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Freshmen physics textbooks use Gauss's law plus symmetry to calculate the electric field. I was wondering if this method of finding the electric field using a symmetry is used in real applications in life, science, research, or technology. For example do researchers use symmetry to find the electric field due to a charged virus that is spherically symmetric, or a charged DNA that has some kind of symmetry or charged symmetrical objects in nanotechnology. I am looking for such specific applications.

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closed as not constructive by David Z Feb 19 '13 at 8:48

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do researchers use symmetry to find the electric field due to a charged virus that is spherically symmetric?

The answer is no. Why they need to reinvent the wheel? They just use the known formula that exists for such situations that can be proved using Gauss Laws (though they all can be proved without using Gauss laws)

Similar answer can be given to your other question. Though note that since sizes are of atomic level, other forces can come into play.

Theoretically we don't need Gauss law. Only law we need in electrostatics is Coulomb's law to find $\vec E$ and $\vec F = m\vec E$. Gauss Laws and all other tools only help to simplify the calculations. So there is no application of Gauss Law per se but I think you must appreciate the power of Gauss Laws in simplification of many tough situations,many of which have profound practical applications. However theoretically all situations can be solved without using Gauss Laws or symmetry arguments.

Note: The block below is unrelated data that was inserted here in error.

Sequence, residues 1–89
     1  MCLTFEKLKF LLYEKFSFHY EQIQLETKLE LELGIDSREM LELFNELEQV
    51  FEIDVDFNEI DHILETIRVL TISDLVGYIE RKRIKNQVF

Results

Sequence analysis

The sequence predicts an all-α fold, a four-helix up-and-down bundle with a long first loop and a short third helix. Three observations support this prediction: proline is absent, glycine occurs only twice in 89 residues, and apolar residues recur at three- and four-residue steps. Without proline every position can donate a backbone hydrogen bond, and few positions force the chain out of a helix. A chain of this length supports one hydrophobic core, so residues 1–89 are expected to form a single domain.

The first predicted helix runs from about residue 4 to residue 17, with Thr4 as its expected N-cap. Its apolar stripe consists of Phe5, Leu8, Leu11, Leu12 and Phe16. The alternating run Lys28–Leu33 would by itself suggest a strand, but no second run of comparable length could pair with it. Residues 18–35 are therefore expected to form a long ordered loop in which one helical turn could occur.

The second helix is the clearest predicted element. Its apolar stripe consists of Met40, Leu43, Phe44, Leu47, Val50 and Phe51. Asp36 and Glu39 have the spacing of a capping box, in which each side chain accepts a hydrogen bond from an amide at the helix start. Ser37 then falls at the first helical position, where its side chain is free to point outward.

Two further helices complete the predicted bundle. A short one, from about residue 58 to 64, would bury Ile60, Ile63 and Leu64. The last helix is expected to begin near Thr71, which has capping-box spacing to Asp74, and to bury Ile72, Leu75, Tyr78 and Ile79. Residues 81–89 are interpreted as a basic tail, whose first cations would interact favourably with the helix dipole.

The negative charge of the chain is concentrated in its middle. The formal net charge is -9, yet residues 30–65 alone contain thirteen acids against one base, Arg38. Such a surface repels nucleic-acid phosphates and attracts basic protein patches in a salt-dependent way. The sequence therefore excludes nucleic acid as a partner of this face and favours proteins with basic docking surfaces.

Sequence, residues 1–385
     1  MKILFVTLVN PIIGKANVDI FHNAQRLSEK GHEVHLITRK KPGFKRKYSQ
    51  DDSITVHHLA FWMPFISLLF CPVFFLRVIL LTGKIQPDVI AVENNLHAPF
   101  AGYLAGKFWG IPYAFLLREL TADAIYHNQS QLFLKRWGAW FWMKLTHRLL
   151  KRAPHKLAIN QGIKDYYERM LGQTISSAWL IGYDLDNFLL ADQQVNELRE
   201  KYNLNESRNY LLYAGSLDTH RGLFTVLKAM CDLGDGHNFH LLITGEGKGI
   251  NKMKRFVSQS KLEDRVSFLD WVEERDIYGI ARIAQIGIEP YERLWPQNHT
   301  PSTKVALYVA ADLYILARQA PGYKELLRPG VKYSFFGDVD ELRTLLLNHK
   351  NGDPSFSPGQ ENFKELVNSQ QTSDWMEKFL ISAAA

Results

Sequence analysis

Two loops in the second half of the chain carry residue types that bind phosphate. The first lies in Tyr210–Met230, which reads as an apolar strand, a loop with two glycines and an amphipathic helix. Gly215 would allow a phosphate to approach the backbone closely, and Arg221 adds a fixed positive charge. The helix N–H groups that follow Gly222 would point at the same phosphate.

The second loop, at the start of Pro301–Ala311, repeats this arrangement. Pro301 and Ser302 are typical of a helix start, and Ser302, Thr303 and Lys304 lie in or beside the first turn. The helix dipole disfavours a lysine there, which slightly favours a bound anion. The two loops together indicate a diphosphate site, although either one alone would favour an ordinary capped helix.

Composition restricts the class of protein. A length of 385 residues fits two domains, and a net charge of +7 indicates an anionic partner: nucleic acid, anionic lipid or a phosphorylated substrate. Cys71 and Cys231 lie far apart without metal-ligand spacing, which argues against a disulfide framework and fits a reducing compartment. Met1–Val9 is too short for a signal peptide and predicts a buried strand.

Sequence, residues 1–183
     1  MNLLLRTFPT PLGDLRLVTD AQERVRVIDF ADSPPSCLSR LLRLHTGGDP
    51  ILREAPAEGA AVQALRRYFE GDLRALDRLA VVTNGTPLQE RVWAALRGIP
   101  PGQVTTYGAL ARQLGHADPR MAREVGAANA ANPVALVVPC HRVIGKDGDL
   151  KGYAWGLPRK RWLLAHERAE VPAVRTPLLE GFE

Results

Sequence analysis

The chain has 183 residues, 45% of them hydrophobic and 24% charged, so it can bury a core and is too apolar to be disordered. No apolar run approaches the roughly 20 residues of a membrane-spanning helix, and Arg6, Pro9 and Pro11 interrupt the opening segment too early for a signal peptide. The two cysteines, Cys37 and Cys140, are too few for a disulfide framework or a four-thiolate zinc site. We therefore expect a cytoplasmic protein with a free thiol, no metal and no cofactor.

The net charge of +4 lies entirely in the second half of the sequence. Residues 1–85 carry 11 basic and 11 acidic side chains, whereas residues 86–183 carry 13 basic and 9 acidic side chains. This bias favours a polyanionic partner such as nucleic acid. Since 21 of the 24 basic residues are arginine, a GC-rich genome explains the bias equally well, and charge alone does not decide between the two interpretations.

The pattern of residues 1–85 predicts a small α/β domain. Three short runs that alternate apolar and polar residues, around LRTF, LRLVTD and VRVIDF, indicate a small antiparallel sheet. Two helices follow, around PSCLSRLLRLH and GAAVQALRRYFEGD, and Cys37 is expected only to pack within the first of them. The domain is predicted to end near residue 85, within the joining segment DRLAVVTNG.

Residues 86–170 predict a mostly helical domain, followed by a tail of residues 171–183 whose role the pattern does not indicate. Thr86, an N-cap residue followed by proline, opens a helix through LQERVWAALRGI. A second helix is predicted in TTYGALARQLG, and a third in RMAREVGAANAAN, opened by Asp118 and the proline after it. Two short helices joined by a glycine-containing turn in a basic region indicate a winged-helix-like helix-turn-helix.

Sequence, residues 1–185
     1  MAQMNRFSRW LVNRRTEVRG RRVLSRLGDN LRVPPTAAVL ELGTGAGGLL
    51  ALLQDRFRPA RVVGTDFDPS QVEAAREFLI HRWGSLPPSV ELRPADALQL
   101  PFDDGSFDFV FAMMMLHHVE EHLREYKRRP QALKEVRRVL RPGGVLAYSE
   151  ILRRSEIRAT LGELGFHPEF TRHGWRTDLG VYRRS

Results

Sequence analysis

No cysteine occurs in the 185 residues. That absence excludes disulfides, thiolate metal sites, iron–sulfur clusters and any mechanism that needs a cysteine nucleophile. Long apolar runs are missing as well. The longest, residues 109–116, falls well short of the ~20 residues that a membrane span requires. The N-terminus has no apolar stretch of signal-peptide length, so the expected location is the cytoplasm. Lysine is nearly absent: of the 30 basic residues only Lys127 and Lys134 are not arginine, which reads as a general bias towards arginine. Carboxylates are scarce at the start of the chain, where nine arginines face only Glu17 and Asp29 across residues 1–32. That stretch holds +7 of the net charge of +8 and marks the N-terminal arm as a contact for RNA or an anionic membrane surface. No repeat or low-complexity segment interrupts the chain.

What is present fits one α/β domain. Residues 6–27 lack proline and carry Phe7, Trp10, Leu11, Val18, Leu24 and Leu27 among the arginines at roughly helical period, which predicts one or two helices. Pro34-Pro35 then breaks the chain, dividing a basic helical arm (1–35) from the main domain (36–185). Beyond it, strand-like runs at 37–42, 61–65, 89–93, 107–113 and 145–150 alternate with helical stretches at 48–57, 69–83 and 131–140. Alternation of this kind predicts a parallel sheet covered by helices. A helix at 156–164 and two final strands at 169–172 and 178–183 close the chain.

Though I recommend checking out http://en.wikipedia.org/wiki/Faraday_cage a really outstanding application of electrostatics and its working can be explained using Gauss' Laws along with properties of conductors.

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The freshman physics textbooks use the integral forms of Gauss's law, which (in the vacuum) look like this:

$$ \int \mathbf{E} \cdot d\mathbf{A}=Q_{enc}/\epsilon_0 $$ $$ \int \mathbf{B} \cdot d\mathbf{A}=0 $$

These laws also have differential forms, which look like this:

$$\nabla \cdot \mathbf{E}=\rho/\epsilon_0 $$ $$\nabla \cdot \mathbf{B}=0 $$

These equations don't really require symmetry to be useful, and can be solved with standard partial differential equation techniques on a computer. For problems involving surfaces with variable charges (like cavities with conductive sides), these differential forms (and the PDEs for the scalar and vector potentials that they imply) are practically the only way to solve for the $\mathbf{E}$ and $\mathbf{B}$ fields everywhere.

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No my question was about if scientists face symmetrical charged objects/fabricated materials, DNA, or virus, in which cases they can find the electric field using symmetry of the charged "object". I am looking for such cases/examples –  Revo Oct 12 '12 at 8:56
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Gauss theorem is a law relating the distribution of electric charge to the resulting electric field.

So if scientist knows the distribution of charge on some DNA or the surfaces of some virus then they can calculate the electric field.

If you know that charge distribution is symmetrical, you can expect same result for electric field. For example if the charge distribution has spherical symmetry then the field will depend only on the distance:

$$E = k\frac{q}{r^2} \sim \frac{1}{r^2}.$$

More examples of charge distributions you could find here:

http://en.wikipedia.org/wiki/Gaussian_surface

http://iweb.tntech.edu/murdock/books/v4chap2.pdf

And this post may be useful:

In which cases is it better to use Gauss' law?

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